The European Union Aviation Safety Agency (EASA) has issued a statement on the safety conditions of Iranian airspace to airline companies worldwide – warning that "military and passenger aircraft are under threat in Iran's airspace due to poor coordination in the Islamic Republic of Iran."

The warning was issued based on the EASA’s Conflict Zone Information Bulletin, which required members of the International Aviation Organization to immediately report any possible dangers of military conflict to airlines and aircraft after a Malaysian airliner was shot down in 2014 over Ukraine.

The EASA has asked airlines to consider the dangers of flying at altitudes of lower than 25,000 feet when using Iranian airspace, up to January 16, 2021. 

"There is a potential risk … anti-aircraft weapons [being launched] at an altitude of less than 25,000 feet above the ground in Tehran's Flight Information Region (FIR), and it should be avoided," the warning said.

The warning may cause airlines to hesitate to operate passenger and cargo flights schedule to travel to Iran and especially Tehran.

Airlines have been instructed to consider the EASA’s alert and other relevant information in assessing potential hazards, as well as guidelines of the National Aviation Authority, and to be aware of the latest warnings regarding Iranian airspace.

The EASA has cited "poor coordination" in Iran as the main reason for issuing its warning. Ukrainian Airlines Flight 752 was shot down by a missile launched by the Islamic Revolutionary Guard Corps, on January 8, 2020, shortly after taking off from Tehran. All 176 passengers and crew were killed. After three days of denial, under pressure from Ukraine and Canada, Iranian officials finally accepted responsibility for shooting down the plane.

Iranian officials have insisted that the flight was shot down as a result of “human error.” But the incident occurred in the aftermath of an American air strike in Baghdad that killed the Revolutionary Guards Quds Force commander General Qassem Soleimani. Iran had retaliated by launching an air strike against a US airbase in Iraq.

Iranian officials were on alert for a US strike in response to the airbase attack – yet it refused at the time to close Iranian airspace. Failing to close its airspace despite the conflict situation is a major violation of international aviation regulations.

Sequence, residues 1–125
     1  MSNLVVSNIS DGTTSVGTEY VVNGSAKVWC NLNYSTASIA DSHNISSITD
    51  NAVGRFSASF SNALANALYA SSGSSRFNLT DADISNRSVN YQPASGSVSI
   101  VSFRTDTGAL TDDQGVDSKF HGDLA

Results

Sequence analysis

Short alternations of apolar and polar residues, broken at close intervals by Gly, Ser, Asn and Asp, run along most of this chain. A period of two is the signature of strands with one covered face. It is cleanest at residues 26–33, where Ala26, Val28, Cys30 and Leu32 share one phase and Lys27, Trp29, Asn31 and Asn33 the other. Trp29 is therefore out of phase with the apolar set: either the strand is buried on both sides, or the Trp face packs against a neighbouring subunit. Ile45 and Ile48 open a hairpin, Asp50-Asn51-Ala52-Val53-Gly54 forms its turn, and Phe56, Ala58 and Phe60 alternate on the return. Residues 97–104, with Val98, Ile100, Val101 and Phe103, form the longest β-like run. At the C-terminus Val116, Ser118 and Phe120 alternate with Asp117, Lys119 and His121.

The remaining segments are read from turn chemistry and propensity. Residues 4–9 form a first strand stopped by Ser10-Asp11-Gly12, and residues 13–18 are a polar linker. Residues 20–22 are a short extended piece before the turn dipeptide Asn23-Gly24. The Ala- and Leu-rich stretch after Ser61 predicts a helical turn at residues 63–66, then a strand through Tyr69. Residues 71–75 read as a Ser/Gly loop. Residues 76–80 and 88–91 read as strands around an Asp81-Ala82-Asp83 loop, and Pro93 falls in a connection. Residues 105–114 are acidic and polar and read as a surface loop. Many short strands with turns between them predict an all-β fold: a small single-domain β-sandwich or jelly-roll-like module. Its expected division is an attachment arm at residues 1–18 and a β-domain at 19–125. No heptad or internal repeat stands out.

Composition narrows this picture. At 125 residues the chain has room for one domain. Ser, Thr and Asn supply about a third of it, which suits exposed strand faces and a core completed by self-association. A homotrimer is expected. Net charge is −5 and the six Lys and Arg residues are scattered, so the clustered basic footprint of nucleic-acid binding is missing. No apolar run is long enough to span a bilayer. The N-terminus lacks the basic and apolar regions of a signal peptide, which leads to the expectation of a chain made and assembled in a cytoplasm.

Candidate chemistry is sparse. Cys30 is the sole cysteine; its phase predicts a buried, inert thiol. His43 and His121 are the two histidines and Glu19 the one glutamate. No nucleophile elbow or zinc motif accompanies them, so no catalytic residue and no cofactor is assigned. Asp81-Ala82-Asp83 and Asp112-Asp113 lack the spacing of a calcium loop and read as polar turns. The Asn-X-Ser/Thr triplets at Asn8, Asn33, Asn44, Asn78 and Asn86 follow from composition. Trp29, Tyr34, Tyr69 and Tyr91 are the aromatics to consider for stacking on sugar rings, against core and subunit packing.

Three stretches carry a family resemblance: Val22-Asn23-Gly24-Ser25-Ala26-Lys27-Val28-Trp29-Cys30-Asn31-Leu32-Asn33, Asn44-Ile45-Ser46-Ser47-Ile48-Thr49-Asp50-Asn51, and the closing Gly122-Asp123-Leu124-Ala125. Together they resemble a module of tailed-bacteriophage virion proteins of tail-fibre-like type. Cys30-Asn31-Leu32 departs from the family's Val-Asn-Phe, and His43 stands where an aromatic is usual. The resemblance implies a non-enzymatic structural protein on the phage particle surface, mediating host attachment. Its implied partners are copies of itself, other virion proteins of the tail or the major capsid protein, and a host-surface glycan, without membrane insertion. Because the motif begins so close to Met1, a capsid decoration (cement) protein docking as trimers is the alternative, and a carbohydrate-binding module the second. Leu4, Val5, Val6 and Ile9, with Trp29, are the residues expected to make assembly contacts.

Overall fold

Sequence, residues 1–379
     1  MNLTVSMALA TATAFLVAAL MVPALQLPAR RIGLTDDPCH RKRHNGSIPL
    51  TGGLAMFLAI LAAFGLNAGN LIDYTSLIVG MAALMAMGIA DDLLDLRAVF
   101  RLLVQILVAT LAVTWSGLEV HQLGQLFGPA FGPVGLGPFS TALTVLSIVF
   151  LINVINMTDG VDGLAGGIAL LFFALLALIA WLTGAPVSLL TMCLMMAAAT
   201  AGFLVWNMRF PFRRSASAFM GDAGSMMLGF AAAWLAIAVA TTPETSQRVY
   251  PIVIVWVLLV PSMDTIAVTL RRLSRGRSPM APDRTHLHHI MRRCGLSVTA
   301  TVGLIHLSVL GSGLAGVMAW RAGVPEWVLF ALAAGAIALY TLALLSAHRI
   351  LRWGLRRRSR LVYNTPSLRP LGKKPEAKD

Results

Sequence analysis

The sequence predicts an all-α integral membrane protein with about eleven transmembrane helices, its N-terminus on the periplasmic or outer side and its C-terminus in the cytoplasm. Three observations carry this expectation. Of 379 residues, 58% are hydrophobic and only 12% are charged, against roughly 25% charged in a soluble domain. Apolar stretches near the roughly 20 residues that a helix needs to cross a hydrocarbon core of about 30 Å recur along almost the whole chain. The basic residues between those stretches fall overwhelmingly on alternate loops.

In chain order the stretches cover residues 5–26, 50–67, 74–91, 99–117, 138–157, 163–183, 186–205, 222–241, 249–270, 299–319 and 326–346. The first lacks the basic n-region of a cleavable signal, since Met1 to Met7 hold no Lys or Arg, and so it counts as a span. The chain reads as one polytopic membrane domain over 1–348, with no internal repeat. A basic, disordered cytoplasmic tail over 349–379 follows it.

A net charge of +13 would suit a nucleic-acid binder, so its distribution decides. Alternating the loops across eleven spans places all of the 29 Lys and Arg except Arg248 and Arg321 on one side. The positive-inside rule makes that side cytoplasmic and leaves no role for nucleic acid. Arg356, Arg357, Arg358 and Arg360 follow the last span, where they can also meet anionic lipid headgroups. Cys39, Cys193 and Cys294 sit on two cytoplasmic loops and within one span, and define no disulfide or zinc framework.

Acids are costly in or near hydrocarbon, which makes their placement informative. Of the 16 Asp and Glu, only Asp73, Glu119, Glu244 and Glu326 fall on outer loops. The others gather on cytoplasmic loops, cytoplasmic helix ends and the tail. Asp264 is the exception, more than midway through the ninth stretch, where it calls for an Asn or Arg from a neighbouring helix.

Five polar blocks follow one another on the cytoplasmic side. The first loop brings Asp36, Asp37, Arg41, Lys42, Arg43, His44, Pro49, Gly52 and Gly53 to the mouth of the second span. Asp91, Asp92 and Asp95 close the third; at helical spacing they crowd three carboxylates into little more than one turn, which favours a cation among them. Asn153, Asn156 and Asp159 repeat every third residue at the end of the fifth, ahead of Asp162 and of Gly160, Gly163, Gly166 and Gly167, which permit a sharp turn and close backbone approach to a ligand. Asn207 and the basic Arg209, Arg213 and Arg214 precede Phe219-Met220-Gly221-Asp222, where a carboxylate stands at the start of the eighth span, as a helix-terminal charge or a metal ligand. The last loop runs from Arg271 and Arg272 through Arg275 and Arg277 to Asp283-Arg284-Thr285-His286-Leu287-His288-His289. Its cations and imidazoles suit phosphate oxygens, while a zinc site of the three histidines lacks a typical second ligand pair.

The commander of the Revolutionary Guards air force had also said, shortly after Flight 752 was shot down, that the United States had intended to strike the office of Iran’s Supreme Leader Ayatollah Ali Khamenei. The Supreme Leader’s office therefore gathered a large number of people at the location, broadcast a speech by Khamenei which featured pictures of the crowd, thus allegedly prompting the US to change its plans. The arrangement suggests that the Iranians were using its own citizens as a human shield to protect the Supreme Leader and his compound.

Some sources say that another reason for the EASA’s warning issued was a recent increase in Iranian air defense operations as a result of a suspected air strike against an centrifuge assembly center in Natanz.

The EASA warning means that Iranian air routes are now categorized as high-risk areas and airlines may seek alternative routes to cross Iranian airspace. And flights to Iran will be carried out with more precautions – meaning that there may be a reduction of these flights over the next six months.

Simultaneously with the issuing of this warning, the Islamic Republic of Iran has announced that the black box of the downed Ukrainian plane in Tehran's airspace had been sent to Paris to extract its information.

Iran’s government meanwhile announced that the flight recorder from Ukrainian Airlines Flight 752 has been sent to France for analysis by aviation experts – months later than it was originally expected to be sent.

Passenger airliners have two flight recorders – one that transmits aircraft data to the ground and the other that records all cockpit conversation and radio communications with flight control centers. The recorders from Flight 752 were damaged in its destruction and Iran has said it could not extract any information. Iran was therefore obliged to return the recorders to a country that could extract the information in cooperation with Ukraine.

Claims that Iran was preparing itself to resist a US air strike make it difficult for it to defend its claim that the downing of Flight 752 was “human error.” But if the flight recorders do not contain new information that contradicts the accuracy of Iran's previous statements, it is possible that Iran will be able to cooperate in compensating survivors' families, and for lost air aircraft, and to conduct a transparent trial of the perpetrators of the shooting and reduce the risk of further international complaints.

But if the contents of the flight recorders run contrary to what Iran has said so far, or if new information is extracted that call into question the claims of "human error,”, further restrictions on the use of Iranian airspace may be imposed similar to the one recently issued by the EASA.

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